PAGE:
In the wake of the Dec. 2 attack in San Bernardino, Calif., that left 14 dead and 21 wounded, rabbis are raising their voices.
For some, it means doubling down on advocacy for gun control and safety.
For others, it means raising a difficult question about the tension between security and tolerance.
And members of a third group are using their pulpits to offer hope, encouragement, and, yes, prayer, notwithstanding the NY Daily News’ front page admonition that “God is not fixing this” and tweets calling out politicians for offering prayers while taking money from the National Rifle Association.
Several congregations had already been engaged in advocacy issues around gun violence. Temple Ner Tamid in Bloomfield had, coincidentally, set aside the Shabbat of Dec. 18 to discuss gun violence and what can be done about it.
Oheb Shalom Congregation in South Orange was in the midst of a three-part series on gun violence prevention when Syed Rizwan Farook and Tashfeen Malik, a married couple, were identified as the shooters in the attack on a county social services facility in San Bernardino. The pair amassed, apparently legally, an arsenal that included at least two semi-automatic weapons.
A speakers’ forum was held at Oheb Shalom in October in partnership with Moms Demand Action for Gun Sense in America; on Dec. 3, the congregation held a screening of the film Living for 32, about a survivor of the Virginia Tech shooting that killed 32 people. The film was preceded by a candle-lighting and some brief prayers. In January, the congregation will undertake a campaign from Moms Demand Action (part of Everytown for Gun Safety) called Be Smart, which offers five pointers for gun safety.
Many of the rabbis added prayers to services or changed their sermons for Shabbat. On Friday morning, Rabbi Andy Dubin of the Jewish Center of Northwest NJ in Washington wrote in an e-mail, “I scrapped my planned sermon yesterday and wrote a new one in light of this week’s massacre. I’m still working on it now.”
At Temple Beth Ahm Yisrael in Springfield, a letter regarding Syrian refugees, designed in part to combat Islamophobia, was offered as a handout. Sponsored by HIAS and signed by 1,000 rabbis, it calls on elected officials to welcome refugees and to oppose any measures that would “actually or effectively halt resettlement or prohibit or restrict funding for any groups of refugees.”
TBAY’s Rabbi Mark Mallach changed his sermon on Hanukka to focus on “how in the darkest of days…lighting the hanukkia is a powerful reminder of spreading this light and giving hope.”
Even in the weeks before the San Bernardino attack, Rabbi Mendy Herson of the Chabad Jewish Center at Basking Ridge was writing about the threat from radical Islamist terrorists and what he described in a blog post as “the tightrope between security and selfishness, protection and paranoia.”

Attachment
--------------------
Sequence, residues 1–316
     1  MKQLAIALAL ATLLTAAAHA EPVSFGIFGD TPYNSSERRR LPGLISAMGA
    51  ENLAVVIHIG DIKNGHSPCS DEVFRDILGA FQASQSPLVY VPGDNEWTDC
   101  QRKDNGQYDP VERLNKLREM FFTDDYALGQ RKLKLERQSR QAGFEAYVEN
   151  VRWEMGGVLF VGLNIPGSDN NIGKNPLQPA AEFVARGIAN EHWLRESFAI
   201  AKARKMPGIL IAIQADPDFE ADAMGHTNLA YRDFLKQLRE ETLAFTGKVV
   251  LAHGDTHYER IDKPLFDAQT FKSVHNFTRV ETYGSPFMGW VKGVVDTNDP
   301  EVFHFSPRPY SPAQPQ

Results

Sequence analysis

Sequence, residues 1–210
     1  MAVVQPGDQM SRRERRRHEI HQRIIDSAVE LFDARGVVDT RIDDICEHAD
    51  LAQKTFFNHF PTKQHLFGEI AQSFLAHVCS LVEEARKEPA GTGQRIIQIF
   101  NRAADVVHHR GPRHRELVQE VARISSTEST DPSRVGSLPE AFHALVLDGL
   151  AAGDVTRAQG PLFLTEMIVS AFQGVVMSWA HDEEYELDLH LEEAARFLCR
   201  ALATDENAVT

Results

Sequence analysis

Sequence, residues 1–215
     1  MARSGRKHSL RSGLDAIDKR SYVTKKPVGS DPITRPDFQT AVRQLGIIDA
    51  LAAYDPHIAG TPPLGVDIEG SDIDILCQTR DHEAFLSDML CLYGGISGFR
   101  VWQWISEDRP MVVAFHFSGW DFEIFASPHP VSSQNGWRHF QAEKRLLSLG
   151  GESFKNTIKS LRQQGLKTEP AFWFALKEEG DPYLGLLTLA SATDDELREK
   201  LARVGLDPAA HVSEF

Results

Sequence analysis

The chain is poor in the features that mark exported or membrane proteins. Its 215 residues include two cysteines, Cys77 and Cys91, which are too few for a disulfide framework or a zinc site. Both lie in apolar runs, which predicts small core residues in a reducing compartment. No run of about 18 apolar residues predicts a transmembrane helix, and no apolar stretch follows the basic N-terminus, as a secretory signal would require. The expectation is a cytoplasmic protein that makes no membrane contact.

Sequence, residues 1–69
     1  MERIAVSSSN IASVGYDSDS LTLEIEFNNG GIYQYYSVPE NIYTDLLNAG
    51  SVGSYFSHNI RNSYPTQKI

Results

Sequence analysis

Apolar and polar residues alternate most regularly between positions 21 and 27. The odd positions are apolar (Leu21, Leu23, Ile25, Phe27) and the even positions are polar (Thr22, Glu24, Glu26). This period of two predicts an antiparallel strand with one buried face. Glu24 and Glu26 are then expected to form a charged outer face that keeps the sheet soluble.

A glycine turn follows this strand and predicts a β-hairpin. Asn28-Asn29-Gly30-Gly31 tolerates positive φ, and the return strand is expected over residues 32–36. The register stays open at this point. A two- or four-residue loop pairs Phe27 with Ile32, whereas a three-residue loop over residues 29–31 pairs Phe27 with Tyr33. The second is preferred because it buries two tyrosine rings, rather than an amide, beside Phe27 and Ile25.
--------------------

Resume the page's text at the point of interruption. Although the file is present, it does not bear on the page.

“Do we impale ourselves on the flag of America’s openness to refugees? Or do we close our borders — and our hearts — to those who may be in genuine need?” Herson wrote, soon after the Nov. 13 attacks in Paris that killed 130. “Do we suffocate our society by over-wrapping ourselves in the flag of American citizenship and privacy rights? Or do we become suspicious of our fellow Americans, wondering which neighbor may have come to our shores with evil intentions?
“This is not a simple dilemma,” he added. “It’s a struggle between maintaining the security of our shores and maintaining our moral soul. We don’t want to sacrifice either. At the same time, we can’t always have our cake and eat it, too.”
At Congregation Ohr Shalom: Summit JCC, Rabbi Avi Friedman had already been involved in interfaith efforts in support of gun safety. “As a congregation we promote events and encourage contacting our representatives,” he said.
But because he was asked so soon after the San Bernardino shooting, Friedman added he’s “not sure what — if any — additional steps we’ll take going forward. After all, it just happened.” He also addressed the Jewish approach to guns in his weekly blog, which referred to the story of Judah Maccabee, the hero of the Hanukka story who fought, with weapons, for religious freedom. “Judaism is not inherently opposed to self-defense and the possession of weapons. Quite the opposite, it is something we celebrate,” he wrote, calling soldiers in the Israel Defense Forces “the modern-day heirs to the Maccabean tradition.”
But Friedman said he also believes Judaism requires limits. He wrote, “There must be a balance between the desire to protect our own lives and the preservation of other lives. Somehow, sadly, in this country we are horribly off-balance. We have placed so much emphasis on an individual’s right to self-defense that we have forgotten our obligation to protect the lives of everyone else around that individual.”
At Temple Sha’arey Shalom in Springfield, Rabbi Renee Edelman is focusing more on action and less on prayer, although she said she spoke “in a limited way” about the shooting on Shabbat during services. In the coming weeks, she said, the congregation will host open discussion groups for people to express their views on national security in an age of terrorism. The congregation will then decide what action to take. Discussions focusing on gun control and how to help Syrian refugees have already taken place.
Comparing the world we are living in to “the wild west,” she referred to a time when “laws are a suggestion, and lives are viewed without holiness by many of the terrorist splinter groups and our own homegrown shooters.”
She concluded that this year for Hanukka, “I pray for a miracle where countries and their leaders come together in support and solidarity and take a firm stance toward eradicating terrorism.”